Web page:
I'm still thinking about the use of shadows in the Miwa Matreyek video I posed here last week, which reminded me of the charming shadow art created by Allison Read Smith (above). "These pieces run across the floor and up the wall," says the artist, "so that when the viewer stands on the 'feet' of these pieces their shadow is cast. The shadows, cut from black felt are approximately 8-10 feet tall. They are looming and comical."
Shadows are such magical, fickle, tricksterish things...particularly to generations raised on J.M Barrie's Peter Pan:
"Mrs. Darling returned to the nursery, and found Nana with something in her mouth, which proved to be the boy's shadow. As he leapt at the window Nana had closed it quickly, too late to catch him, but his shadow had not had time to get out; slam went the window and snapped it off.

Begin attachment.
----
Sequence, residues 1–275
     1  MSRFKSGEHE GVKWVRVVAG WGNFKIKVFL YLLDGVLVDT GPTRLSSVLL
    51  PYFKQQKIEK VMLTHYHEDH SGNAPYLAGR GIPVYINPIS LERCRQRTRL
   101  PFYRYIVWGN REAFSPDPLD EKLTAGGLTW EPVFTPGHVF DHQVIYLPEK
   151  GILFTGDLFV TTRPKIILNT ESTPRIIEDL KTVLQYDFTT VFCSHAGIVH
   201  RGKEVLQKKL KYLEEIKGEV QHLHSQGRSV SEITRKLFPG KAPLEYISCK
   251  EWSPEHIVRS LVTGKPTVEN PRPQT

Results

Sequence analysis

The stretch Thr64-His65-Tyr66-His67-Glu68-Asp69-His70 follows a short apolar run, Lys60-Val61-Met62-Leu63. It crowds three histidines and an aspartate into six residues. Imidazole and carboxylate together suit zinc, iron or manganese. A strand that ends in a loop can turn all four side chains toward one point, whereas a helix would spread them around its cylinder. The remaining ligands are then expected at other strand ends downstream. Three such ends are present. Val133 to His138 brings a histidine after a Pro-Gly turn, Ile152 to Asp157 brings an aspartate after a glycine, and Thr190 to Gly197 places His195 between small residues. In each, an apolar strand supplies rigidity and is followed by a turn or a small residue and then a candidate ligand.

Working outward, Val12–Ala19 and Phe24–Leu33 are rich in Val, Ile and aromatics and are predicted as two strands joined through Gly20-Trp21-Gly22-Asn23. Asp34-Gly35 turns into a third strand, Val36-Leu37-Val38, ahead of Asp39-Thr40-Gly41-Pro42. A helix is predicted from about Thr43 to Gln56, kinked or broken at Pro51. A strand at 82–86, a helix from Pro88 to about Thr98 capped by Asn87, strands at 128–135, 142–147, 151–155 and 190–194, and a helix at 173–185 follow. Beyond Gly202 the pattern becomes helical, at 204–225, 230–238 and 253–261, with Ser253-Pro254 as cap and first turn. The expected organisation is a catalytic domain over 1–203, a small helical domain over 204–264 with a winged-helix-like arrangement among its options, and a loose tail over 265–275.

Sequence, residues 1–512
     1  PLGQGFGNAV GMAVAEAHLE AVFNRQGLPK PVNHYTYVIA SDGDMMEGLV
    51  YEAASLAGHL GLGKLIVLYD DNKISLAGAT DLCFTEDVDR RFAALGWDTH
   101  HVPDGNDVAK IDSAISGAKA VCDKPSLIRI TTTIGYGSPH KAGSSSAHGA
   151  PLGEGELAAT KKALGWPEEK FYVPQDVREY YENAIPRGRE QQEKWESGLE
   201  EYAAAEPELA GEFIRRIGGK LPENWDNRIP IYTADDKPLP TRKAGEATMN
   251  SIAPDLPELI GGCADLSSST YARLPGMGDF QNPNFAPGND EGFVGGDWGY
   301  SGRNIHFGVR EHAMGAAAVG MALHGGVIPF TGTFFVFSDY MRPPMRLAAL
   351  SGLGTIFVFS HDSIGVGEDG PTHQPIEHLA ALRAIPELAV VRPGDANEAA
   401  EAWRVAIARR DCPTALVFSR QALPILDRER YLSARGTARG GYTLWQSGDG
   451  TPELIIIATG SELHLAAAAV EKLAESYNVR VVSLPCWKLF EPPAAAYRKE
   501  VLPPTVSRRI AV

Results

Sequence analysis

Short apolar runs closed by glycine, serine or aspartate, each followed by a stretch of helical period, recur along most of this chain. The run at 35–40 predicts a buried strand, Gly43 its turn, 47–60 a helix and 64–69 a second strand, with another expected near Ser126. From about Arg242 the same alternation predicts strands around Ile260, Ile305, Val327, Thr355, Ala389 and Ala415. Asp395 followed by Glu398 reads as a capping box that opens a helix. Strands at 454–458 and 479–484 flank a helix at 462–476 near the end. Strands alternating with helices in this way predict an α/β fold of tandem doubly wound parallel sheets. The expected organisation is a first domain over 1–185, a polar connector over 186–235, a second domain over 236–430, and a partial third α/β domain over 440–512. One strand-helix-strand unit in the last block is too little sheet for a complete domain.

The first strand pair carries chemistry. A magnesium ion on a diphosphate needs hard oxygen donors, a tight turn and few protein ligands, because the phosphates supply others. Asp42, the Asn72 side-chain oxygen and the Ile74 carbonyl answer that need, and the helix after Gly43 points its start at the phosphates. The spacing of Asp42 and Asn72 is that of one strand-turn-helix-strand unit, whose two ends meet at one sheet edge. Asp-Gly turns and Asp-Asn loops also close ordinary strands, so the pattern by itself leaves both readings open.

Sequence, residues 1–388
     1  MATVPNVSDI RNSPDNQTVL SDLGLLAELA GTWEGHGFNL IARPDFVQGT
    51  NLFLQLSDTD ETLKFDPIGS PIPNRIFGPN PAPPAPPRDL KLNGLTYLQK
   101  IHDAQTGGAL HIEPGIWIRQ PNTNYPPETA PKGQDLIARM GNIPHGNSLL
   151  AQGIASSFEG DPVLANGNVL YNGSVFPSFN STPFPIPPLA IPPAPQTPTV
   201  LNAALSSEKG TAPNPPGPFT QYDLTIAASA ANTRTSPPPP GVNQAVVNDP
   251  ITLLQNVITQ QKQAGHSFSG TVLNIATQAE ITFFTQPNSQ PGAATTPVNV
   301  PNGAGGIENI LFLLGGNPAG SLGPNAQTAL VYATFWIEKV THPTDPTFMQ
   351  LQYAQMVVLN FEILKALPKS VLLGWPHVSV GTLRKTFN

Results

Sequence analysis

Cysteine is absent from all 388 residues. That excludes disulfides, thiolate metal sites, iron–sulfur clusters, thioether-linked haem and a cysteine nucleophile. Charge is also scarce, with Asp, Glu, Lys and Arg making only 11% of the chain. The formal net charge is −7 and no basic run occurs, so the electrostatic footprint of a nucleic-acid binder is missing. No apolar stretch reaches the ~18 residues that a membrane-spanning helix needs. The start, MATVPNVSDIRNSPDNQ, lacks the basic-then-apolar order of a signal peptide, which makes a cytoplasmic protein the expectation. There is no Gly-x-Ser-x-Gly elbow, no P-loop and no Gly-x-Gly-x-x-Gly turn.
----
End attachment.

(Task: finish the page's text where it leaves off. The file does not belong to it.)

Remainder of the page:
"You may be sure Mrs. Darling examined the shadow carefully, but it was quite the ordinary kind...."
On the darker side of the shadow realm, I'm also a fan of Kara Walker's shadow drawings/silhouettes, (pictured below), which are beautiful, disturbing, and utterly brilliant. "In Walker's work," wrote Hilton Als (in a New Yorker profile of the artist), "slavery is a nightmare from which no American has yet wakened: bondage, ownership, the selling of bodies for power and cash has made twisted figures of blacks and whites alike."
“Most pieces have to do with exchanges of power," says Walker, "attempts to steal power away from others.”